Professional gardeners who are experts in their field teach the courses. Teachers include high profile gardeners such as Gardeners' World James Alexander-Sinclair, author Anne Wareham and Mark Diacono, head gardener at River Cottage, and local faces such as Louis Hodgkin of the Bath Beekeeping Association and no-dig advocate Charles Dowding.
Landscape designer Emma explains: "Last year, I realised that there are no outlets for people to learn about gardening in a friendly and relaxing environment in Bath. I really believe that gardening should be fun and accessible - and most of all, it should be easy. The courses will show people the many different things they can do in their garden, whether it's turning it into a beautiful as well as productive kitchen garden or introducing people to beekeeping for the first time."

Raised Beds

Over the next four years, while Peter painted, Jean set about turning what was a field running down to the sea into a vegetable garden. By 2004, she was working as garden manager at nearby Creagh Gardens, and her own garden was on the West Cork Garden Trail.
"At that point, I decided to put all my energy into the garden and starting a cafe[currency] seemed a logical step," she said. From serving coffees, the cafe[currency] has expanded into a restaurant with seasonal menus based on produce from the garden and the local area.
In 2008, Gillian Hegarty, a talented young chef from the River Cafe[currency] in London, was recruited and today it's a family affair with daughters Tessa and Joanna working as daytime chefs, Kez handling front of house and Jean giving all her time to the gardens and her winter gardening courses.
When it comes to growing edibles, Perry's advice is to grow in raised beds.
"Since we've done that we've stopped digging, which is great for a woman: there's none of that backbreaking labour every year," she said. I favour deep digging, but Perry makes a convincing argument for her method.
"I believe there is so much beneficial life under the soil, bacteria and nematodes that work in a symbiosis," she said. "What we do is mulch all the time on the top of the bed, and that gets drawn in by the life under the soil.
"The more worms you have, the better. But every time you dig, you are breaking up their life systems. Think of nature: it never has bare soil, there is always something growing."
Perry's method of growing potatoes begins in autumn when she clears the ground of all weeds: couch grass, dock, nettles and dandelions.
"I then make a layered duvet of materials that will break down into the soil, garden compost, seaweed, and straw," she said. "If you don't have access to seaweed, you could use l awn mowing s or even shredded cardboard.
"Come spring, I'm ready to plant," she said. "I pull the duvet aside, make a hole with a trowel, drop in my potato, cover over with a bit of earth and replace the mulch again.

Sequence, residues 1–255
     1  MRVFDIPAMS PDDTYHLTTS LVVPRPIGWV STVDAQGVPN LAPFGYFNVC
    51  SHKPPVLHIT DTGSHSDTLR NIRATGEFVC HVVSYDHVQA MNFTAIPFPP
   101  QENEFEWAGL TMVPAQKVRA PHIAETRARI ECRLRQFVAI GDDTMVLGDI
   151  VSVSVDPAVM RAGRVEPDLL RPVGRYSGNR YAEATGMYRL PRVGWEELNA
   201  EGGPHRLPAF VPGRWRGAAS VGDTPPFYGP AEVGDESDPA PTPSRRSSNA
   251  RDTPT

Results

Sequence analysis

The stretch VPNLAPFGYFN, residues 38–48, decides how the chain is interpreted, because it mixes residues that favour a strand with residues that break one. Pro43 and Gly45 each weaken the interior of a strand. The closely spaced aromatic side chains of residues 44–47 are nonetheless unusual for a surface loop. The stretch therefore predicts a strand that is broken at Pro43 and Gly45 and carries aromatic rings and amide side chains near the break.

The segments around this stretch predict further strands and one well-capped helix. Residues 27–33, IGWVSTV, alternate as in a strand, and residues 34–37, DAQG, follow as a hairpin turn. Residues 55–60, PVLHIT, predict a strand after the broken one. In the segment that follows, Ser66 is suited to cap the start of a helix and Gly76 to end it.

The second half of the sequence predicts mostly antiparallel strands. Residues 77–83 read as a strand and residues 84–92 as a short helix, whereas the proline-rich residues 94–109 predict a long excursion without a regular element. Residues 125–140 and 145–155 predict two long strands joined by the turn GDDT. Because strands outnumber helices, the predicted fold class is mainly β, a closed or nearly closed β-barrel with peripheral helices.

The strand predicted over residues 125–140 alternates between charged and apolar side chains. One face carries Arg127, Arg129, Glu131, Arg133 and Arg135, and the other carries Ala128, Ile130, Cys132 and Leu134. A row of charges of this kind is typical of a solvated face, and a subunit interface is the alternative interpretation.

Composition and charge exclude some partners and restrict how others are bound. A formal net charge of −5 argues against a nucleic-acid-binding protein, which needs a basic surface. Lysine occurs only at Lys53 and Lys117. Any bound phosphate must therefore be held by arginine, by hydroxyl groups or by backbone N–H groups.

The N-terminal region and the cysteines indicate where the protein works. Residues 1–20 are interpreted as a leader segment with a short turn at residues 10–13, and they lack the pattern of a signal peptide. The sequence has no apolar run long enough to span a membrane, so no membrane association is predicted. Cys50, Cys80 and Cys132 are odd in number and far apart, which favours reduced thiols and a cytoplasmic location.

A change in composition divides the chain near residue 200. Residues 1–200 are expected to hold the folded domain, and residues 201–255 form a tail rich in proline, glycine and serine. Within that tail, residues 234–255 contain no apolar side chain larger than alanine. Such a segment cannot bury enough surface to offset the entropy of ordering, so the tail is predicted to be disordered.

Once the shoots start to peep through I then add a layer of grass mowings that dry out and form a crust. The idea is that the mulch is heavy enough to stop the light getting to the potatoes."
This year, her yield from two beds measuring 7 foot by 14 foot was four sacks of potatoes which were on the restaurant menu by July.
Perry also believes in planting by the phases of the moon, but that's a topic that deserves a column all to itself.

Natural fertilizers, pesticides and herbicide

More and more manufacturers are bringing alternative products to the marketplace. Fertilizers with seaweed and hen manure or lawn applications with corn gluten to inhibit weed growth are all on the rise.
Biodegradable, reusable and quality gardening products
We're thinking twice before tossing things, choosing rather to reuse, repurpose, buy quality or return our efforts naturally to the earth.
Community gardens
Did you know that there are more than two dozen community gardens in Calgary, including a demonstration garden from the Calgary Horticultural Society? They link in to a strong history of gardening in this city.
Go to calhort.orgto find the plot nearest you.
Reclaiming unwanted land for ornamental gardens
Amid shrinking government coffers and few willing to take up their cause, gardens in public spaces are often left to languish. But there are signs that this is shifting.
With the help of passionate advocates and funded with the help of a business plan that promised profitability, New York's impressive new promenade, called the High Line, opened in 2009 (and is being extended in 2011) on an abandoned railroad platform nine metres above the streets in west Manhattan.
Read about its history and be inspired at
Green/living roofs and walls
Green roof technology has actually been around in Canada for many years, but it has only recently been catching on for residential applications. There are certain important considerations (i. e. roof pitch, load-bearing capacity and maintenance provisions) but there are many energy, ecological and beautifying benefits.
To get started, visit Canada Mortgage and Housing Corp. (
Creating and managing backyard systems
We are increasingly resisting sanitizing our gardens. The result is that the vibrant cycle of life encompassing good and bad bugs, disease, visiting creatures and unpredictable weather is teaching us valuable lessons about backyard ecology and life.